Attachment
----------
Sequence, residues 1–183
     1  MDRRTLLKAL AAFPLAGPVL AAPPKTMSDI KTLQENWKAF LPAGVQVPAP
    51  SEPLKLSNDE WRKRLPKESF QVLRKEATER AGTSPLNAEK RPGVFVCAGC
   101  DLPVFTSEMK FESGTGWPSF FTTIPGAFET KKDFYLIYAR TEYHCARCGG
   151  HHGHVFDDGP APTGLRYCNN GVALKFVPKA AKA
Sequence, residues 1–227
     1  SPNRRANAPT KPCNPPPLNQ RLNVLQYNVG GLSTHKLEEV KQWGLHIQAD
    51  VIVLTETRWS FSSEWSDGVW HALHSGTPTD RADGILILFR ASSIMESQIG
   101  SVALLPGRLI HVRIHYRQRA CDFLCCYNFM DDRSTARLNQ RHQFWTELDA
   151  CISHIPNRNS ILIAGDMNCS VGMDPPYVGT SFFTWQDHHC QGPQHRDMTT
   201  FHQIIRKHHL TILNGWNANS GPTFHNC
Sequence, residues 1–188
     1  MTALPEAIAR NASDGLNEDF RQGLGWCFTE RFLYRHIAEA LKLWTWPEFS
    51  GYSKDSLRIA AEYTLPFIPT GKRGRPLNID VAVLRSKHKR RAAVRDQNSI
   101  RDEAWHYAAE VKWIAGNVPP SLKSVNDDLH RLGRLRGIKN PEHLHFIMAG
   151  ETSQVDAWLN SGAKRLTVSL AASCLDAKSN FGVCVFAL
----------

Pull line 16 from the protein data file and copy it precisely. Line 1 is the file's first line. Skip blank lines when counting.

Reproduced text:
   151  ETSQVDAWLN SGAKRLTVSL AASCLDAKSN FGVCVFAL